Of course, there are added bonuses as well!  I learn about their independent reading behaviors…about their home reading habits…about their taste in books…about their abandon/completion rate…about their thoughts and ideas about their books…and more.  But that’s not all!  The other students reap the benefits as well!  I have 5 students waiting to read “The Eye of the Storm” simply because of the little snippets they have overheard during those status of the class “mini conferences”.  Think of how many mini lessons the students will have heard over the course of a year!
I have taken status for years and have taken small breaks from it during that time and I always return to it…I simply get so much information from it that I can’t let it go!  It’s funny…I always thought that status time was essentially a data collection time for me until, around the holidays, I missed a few days here and there.  One of my fourth graders chimed out “Hey! Aren’t you going to take status?  I don’t know what everyone is reading!” and I then realized that it isn’t just about me after all!  My students have grown to count on it to share their successes, to point out things they have noticed in their texts, to brag that they read for 80 minutes straight the night before without losing stamina, and to get great book recommendations from others.  There is not much more a teacher needs to do when you hear students saying, “Oh!  Ashley–if you liked ‘The Lemonade War’ you will LOVE ‘Lunch Money'”.  Mission accomplished.  Reading community established.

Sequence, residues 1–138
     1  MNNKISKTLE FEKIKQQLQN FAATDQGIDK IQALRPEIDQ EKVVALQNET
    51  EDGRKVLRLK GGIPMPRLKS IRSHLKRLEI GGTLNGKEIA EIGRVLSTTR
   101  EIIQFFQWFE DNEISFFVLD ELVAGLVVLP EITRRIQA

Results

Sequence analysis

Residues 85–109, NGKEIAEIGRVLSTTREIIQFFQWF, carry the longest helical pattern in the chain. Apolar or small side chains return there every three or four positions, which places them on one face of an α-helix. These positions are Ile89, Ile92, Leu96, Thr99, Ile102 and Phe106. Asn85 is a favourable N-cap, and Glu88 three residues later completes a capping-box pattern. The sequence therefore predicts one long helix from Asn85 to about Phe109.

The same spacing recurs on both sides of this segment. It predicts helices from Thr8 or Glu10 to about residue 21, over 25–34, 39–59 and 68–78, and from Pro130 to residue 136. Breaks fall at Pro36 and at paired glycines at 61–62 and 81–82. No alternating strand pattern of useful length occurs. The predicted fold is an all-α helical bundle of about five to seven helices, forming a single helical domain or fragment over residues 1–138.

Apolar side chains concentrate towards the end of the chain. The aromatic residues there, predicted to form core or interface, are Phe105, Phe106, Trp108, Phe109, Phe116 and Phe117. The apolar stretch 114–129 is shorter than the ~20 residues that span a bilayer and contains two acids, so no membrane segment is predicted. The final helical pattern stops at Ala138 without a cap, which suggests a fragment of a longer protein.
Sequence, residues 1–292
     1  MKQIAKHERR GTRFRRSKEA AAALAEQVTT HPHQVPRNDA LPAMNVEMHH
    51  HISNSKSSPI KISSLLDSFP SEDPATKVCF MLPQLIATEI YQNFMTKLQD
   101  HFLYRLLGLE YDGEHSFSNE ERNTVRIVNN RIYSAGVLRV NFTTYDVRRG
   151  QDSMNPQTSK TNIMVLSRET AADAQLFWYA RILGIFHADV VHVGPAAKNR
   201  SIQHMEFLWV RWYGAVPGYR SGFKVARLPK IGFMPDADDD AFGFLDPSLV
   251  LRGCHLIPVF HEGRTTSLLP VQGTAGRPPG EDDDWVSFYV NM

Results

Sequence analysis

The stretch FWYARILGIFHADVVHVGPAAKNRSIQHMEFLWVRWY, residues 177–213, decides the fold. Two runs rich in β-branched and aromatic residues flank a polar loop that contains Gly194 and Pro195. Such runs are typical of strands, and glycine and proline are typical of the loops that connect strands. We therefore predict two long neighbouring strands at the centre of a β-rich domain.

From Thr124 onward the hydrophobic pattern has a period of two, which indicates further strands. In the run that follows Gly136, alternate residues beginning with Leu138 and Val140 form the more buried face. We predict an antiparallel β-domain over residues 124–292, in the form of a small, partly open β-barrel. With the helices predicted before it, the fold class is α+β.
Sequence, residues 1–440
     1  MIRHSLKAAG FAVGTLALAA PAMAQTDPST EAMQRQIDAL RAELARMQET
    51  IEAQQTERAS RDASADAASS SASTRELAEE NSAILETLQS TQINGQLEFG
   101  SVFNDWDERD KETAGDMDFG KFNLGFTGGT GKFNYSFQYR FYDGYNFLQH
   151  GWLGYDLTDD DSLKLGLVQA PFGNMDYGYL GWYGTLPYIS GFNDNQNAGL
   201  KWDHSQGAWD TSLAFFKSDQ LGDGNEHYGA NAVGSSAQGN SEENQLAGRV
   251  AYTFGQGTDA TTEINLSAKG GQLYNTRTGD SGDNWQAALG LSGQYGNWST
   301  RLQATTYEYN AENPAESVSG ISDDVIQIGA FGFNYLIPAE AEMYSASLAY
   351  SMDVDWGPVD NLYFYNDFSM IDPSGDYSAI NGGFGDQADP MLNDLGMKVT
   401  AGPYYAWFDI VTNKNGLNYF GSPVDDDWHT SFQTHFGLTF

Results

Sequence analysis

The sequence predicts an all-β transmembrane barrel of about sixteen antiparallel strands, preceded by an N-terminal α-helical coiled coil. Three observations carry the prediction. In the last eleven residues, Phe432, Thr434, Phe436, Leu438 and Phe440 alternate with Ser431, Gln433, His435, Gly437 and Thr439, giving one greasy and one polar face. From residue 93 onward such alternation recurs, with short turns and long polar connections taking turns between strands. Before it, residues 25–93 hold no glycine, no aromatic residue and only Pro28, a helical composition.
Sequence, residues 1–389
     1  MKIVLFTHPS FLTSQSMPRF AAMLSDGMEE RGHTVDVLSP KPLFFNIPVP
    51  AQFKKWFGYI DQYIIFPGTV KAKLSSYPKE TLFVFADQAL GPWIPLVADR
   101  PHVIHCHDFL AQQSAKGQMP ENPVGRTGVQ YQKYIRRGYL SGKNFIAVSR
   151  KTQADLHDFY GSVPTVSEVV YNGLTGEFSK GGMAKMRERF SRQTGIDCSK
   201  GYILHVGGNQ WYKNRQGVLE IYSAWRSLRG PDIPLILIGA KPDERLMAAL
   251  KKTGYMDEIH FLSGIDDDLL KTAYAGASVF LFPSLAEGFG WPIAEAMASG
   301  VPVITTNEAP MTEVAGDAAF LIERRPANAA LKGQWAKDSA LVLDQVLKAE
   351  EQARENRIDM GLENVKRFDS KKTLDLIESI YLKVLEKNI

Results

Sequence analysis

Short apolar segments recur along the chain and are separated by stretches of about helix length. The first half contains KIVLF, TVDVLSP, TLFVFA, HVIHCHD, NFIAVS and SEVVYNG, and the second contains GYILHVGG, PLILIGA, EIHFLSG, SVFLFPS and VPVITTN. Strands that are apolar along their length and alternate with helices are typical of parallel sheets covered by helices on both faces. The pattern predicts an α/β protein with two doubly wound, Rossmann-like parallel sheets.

So what happened around the time I posted this is that I was inundated with questions about how I keep track of everything…so I put all the information together in a resource so people could see it in action.  Lots of people gave it a try and found it to be super helpful.  My biggest accomplishment of the week is that I have updated it with all new calendars for this upcoming school year, so if you DID buy it last year, it’s time to go “reupload” it from TpT to get the updated version!  I posted even more detail about it last summer.  Click HERE if you are interested in reading THAT post!
Want to see a few shots of the resource in action?  Here you go!
Using the calendar pages to record what book they read…what page…and any anecdotal notes.
A place to add goals
I note “A” for abandoned books an “F” for finished books
I use the back of the page to do word work with students during their conferences
Notes that I want to remember
As I look across the month, I can judge how many pages are being read per day and get a quick glance at notes I needed to remember.  Some students get met with more often than others!
I keep it all in one easy to find binder.  It’s a great reference for me during report cards and conferences!

Interested in getting it all put together like this?  Click the cover to take you to the product.

So today is my last Monday of school, so I can’t wait to sign back on next week in “summer mode”!  Thanks for stopping by and make sure to check out the other great link ups over at 4th Grade Frolics.